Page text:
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The Student News Site of Stony Brook University

The Statesman

The Student News Site of Stony Brook University

The Statesman

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    Human Evolution Symposium

    This past Tuesday, many of the world’s leading anthropologists and human evolution scholars convened in the Charles Wang center to discuss the topic for this year’s Human Evolution Symposium, ‘Diversity in Australopithecus: Tracking the Earliest Bipeds.’ Each fall semester for the past four years, Richard Leakey, Professor of Anthropology at Stony Brook, has lead discussions and workshops on the latest findings in the field of anthropology.

    The research presented this year comes out of the Turkana Basin Institute. Located in Northern Kenya and Southern Ethiopia, this region contains fossil records from human ancestors approximately 5 million years ago, and from other organisms dating back to the time of the dinosaurs. The Institute is chaired by Richard Leakey and supported by Stony Brook University. President Kenny will appoint a board of trustees to direct the Institute, which is based primarily in Turkana and Stony Brook, but also affiliated with the University of Utah, the University of London, the Addis Ababa University in Ethiopia, the U.S. International University in Nairobi, and the National Geographic Society. Stony Brook has already supplied 1.4 million dollars to the Turkana Basin Institute and currently has three postdoctoral students and four graduate fellows doing research in the basin. Australopithecus, an ancestor to today’s humans, is thought to have lived between 4.2 and 1.5 million years ago.

    First published in 1925, the name Australopithecus refers to the genus of one of the earliest hominids. However, because of the adaptations and climate changes that occurred over this large time span, it is possible that not all of the organisms currently categorized under Australopithecus do actually belong to the genus. Dr. Leakey presented the problem as a puzzle. Many fossils of various human ancestors have been found and anthropologists must decide which came first, or if they coexisted. Evolution did not occur in a linear method as is commonly depicted by the image of a crouching ape transforming into a walking Neanderthal.

    As organisms evolve and change, they branch off into several different species. Those best suited for their environment survive and can develop into other things. Geographically separated organisms can adapt differently, leaving scientists with the difficult task of deciding both when and where an organism lived. Leakey believes it is important to question assumptions and be willing to revise previous work in order to account for new facts that are discovered.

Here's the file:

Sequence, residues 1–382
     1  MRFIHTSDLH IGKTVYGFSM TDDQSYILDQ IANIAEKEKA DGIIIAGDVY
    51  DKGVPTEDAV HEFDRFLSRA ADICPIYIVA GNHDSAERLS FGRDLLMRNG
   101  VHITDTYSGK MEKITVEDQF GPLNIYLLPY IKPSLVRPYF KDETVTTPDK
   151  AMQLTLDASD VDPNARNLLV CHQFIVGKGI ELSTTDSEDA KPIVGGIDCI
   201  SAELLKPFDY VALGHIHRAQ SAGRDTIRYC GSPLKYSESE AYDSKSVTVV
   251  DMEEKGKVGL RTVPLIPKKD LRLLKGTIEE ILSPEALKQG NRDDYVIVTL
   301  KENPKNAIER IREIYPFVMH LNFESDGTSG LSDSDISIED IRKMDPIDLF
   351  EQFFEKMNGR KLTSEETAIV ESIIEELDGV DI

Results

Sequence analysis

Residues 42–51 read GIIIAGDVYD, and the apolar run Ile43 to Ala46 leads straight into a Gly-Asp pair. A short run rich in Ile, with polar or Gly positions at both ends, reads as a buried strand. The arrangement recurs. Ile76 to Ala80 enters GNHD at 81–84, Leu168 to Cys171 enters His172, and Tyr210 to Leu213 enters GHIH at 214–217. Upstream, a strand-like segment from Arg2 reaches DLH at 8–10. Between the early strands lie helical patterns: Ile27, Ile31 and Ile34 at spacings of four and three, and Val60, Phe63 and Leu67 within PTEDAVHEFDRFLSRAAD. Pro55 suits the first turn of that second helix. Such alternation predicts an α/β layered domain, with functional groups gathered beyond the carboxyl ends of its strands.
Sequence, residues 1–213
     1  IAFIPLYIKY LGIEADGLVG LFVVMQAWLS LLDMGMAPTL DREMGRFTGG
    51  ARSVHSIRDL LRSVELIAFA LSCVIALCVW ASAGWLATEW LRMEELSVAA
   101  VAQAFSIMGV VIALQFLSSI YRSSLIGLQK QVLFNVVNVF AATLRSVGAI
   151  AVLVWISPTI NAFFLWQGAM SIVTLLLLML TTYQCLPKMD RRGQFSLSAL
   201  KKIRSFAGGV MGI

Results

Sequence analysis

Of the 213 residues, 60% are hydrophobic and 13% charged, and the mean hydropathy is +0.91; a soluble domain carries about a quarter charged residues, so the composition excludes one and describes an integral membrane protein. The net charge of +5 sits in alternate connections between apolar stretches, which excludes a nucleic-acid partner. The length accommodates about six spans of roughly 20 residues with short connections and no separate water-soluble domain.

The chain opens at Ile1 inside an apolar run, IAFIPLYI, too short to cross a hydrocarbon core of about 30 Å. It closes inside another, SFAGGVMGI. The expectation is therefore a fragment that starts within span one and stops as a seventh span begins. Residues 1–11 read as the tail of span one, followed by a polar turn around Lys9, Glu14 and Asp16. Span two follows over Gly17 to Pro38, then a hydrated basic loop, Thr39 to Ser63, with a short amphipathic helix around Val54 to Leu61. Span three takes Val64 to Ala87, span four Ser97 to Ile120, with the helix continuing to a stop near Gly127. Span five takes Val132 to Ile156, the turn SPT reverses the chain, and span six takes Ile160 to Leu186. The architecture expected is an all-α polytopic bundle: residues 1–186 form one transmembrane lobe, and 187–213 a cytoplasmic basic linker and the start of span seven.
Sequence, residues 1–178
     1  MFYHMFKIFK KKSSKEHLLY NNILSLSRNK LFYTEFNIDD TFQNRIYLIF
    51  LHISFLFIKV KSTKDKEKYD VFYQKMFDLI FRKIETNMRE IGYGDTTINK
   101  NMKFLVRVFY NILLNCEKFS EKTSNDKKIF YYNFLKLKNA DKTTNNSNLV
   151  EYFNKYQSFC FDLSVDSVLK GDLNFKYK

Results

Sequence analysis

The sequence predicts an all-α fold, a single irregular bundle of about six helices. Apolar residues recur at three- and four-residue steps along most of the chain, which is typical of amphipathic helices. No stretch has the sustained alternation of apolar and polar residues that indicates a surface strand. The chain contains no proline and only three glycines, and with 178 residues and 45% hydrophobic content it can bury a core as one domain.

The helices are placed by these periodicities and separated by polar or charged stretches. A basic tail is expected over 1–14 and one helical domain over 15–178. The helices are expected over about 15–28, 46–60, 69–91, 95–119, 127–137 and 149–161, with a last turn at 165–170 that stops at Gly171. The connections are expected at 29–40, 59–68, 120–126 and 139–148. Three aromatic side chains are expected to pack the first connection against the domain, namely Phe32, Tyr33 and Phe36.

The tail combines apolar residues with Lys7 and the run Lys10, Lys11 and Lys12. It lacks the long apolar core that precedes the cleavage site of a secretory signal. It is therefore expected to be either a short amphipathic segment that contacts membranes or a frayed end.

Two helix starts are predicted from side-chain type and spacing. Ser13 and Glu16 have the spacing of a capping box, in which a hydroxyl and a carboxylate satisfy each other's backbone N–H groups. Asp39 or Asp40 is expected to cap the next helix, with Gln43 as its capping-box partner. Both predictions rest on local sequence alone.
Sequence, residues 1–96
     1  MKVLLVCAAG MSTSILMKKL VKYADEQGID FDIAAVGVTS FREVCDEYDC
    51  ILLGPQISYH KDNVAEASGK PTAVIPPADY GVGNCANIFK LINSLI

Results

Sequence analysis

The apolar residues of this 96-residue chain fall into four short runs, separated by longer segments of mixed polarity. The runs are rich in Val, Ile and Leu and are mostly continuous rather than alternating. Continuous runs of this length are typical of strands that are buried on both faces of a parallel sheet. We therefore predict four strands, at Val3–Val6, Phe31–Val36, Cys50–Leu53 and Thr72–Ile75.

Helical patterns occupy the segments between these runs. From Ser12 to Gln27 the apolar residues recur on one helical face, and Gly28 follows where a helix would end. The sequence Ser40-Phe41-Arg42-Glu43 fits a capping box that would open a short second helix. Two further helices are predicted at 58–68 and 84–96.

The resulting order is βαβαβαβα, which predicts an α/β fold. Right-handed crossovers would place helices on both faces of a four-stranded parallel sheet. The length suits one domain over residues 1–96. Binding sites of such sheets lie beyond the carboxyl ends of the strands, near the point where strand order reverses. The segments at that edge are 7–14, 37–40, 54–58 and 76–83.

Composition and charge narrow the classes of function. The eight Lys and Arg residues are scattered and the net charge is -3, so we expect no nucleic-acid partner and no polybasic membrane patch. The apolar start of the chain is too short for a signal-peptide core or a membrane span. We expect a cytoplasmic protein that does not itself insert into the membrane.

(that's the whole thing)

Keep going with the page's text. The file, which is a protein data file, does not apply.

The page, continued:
During the day’s first panel discussion, the debate centered around what should be considered Australopithecus and what is the importance of names. Frederick Grine, Professor of Anthropology at Stony Brook, presented the belief that there is too much diversity in the hominids to lump all of Australopithecus together into one group.

    Others on the panel pointed out that names are used to convey messages, and although the organisms may not be true members of the genus Australopithecus, such a title provides characteristics around which discussions can be structured. The day’s speakers addressed several topics, including the diets of Australopithecus, the ecology of the environment in which they lived, and the way they were able to walk.

    Dr. William Kimbel of Arizona State University addressed the lineage of Australopithecus, particularly the difficulty encountered with organizing such a small sample size into a lineage.

    Ronald Clarke, paleoanthropologist at the University of Witwatersrand in South Africa, described the excavation of many of the fossils at the Turkana Basin Institute and what can be seen from their structure. The success of the symposium was described by President Kenny to be its ability to ‘reinvigorate and re-excite the public’ about human evolution. The oversold symposium brought together a wide variety of people. In addition to the representatives sent by several higher education institutions, the symposium attracted many high school teachers, Long Island residents, and students. All hoped to learn ‘where we came from,’ as it was described by the symposium’s youngest attendant, Jacob Hamer, age 11. The event also serves Stony Brook as a way to gain more national recognition for its research. Alumnus John Nolan believes that it ‘shows that the level of respect [for the University] has grown.’

    Many of the anthropological experts at the Symposium were Stony Brook faculty and with its new partnership with the Turkana Basin Institute, Stony Brook will be on the forefront of human evolution research.

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